Our collections in the movies

While we are all stuck at home a lot of our conversations over the morning video conference involve creative ways to keep busy in these strange times.

We have all seen the virtual tours of museums around the world thanks to Google Streetview and their amazing initiative which allows visitors to walk virtually through our galleries from anywhere in the world, but how else can people engage with our collections from the comfort of their own living rooms? How about watching some films featuring, or based on, some of our iconic collections and museums? 

Here are the National Museums Scotland’s, Science and Technology Section’s top recommendations for films with direct, or sometimes indirect, links to our collections: 

1. The Wife (2017)

A view of Scotland’s Concorde at the National Museum of Flight.

Some might say this is a film about gender politics, love and betrayal starring Glen Close and Jonathan Pryce; we say it’s a film starring our beautiful G-BOAA Concorde making a fictional flight from the US to Stockholm (and the other stuff too). You can read all about the Hollywood film stars (human and aircraft) filmed at the National Museum of Flight in Ian Brown’s blog post from 2018.  

2. The Flying Scotsman (2006)

A wonderful biopic of the great Scottish cyclist Graeme Obree and his world record breaking homemade bicycle Old Faithful. The film, starring Jonny Lee Miller, tells the remarkable story of how Obree came to break the World Hour Record in 1993 on a bicycle he built himself, fashioned from scrap metal and washing machine bearings. The original Old Faithful is on display at the National Museum of Scotland.  

Graham Obree’s Old Faithful bicycle on display at the National Museum of Scotland.

3. Rebus: The Falls (2006)

Ok, this is a TV drama not a film, but it was inspired by the Arthur’s Seat Coffins. Scottish author Ian Rankin based his 2001 Inspector Rebus novel on these enigmatic and rather sinister little coffins and their inhabitants. The original coffins are on display in the museum, and replicas were made for the TV adaptation. The National Museum of Scotland even gets a brief cameo.

If you are a fan of Ian Rankin you may also enjoy another of his novels adapted for TV; Doors Open (2012). This is a thankfully fictional account, starring Douglas Henshall and Stephen Fry, of an art heist from the National Museums Collection Centre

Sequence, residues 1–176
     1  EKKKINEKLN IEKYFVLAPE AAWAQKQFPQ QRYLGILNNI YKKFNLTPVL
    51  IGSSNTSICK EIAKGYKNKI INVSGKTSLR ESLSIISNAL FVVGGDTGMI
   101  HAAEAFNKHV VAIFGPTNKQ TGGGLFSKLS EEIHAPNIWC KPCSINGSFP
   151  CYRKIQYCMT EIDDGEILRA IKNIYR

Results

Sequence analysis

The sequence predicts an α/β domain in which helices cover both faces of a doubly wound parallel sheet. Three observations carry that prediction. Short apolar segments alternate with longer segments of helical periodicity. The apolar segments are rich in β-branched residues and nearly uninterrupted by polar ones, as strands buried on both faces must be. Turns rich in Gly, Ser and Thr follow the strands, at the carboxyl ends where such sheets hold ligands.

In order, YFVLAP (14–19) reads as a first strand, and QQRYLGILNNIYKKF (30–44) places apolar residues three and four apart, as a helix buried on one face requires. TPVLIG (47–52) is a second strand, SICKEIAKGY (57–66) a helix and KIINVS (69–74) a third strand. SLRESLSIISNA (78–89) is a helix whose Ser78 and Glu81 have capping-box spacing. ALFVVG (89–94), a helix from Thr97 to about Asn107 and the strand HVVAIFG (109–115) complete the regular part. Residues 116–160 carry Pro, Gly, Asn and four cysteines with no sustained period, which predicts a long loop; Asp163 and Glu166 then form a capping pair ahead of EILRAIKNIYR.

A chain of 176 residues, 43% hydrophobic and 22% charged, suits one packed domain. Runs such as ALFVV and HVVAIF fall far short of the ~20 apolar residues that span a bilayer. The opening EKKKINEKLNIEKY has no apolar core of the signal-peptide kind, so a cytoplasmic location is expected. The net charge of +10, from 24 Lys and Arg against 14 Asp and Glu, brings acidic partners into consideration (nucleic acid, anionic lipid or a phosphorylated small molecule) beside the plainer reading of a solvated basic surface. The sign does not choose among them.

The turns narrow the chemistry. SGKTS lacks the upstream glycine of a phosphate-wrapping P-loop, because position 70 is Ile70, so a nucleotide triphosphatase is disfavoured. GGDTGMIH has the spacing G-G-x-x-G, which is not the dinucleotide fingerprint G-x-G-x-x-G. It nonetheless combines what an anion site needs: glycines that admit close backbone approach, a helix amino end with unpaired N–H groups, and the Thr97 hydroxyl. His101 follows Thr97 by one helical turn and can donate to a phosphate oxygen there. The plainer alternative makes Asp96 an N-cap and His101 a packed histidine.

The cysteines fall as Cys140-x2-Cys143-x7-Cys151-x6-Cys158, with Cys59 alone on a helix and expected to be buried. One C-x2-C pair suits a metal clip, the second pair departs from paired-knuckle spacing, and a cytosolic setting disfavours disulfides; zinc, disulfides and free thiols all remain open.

4. Harry Potter

Look out for other National Museums Scotland collections showing up in some famous films, such as Harry Potter and the Philosopher’s Stone (2001) for the Lewis Chessmen coming to life in Wizard Chess, 

as well as Harry Potter and the Deathly Hallows Part 1 (2010) for Xenophilius Lovegood’s printing press based on our own Cossar Press.  

Cossar web-fed newspaper printing press, printed the Strathearn Herald from 1907 to 1991.

The Transport Section also recommends

The First of the Few (1942) for a heroic wartime retelling of R J Mitchell’s development of Spitfire.

Or for maritime enthusiasts we suggest High and Dry (aka The Maggie, 1954) for some beautiful shots of the Puffers on the Western Isles, from a story which owes a lot to the Para Handy books and films; not to mention, of course, Whisky Galore (either the original 1949 version or the modern 2016 one) for more excellent Scottish coastal action. 

If railway fans are feeling left out, well what could be better than The Titfield Thunderbolt (1953) in glorious technicolour, or back to the Harry Potter films for the Hogwarts Express speeding across the Glenfinnan Viaduct. 

Something for everyone!   

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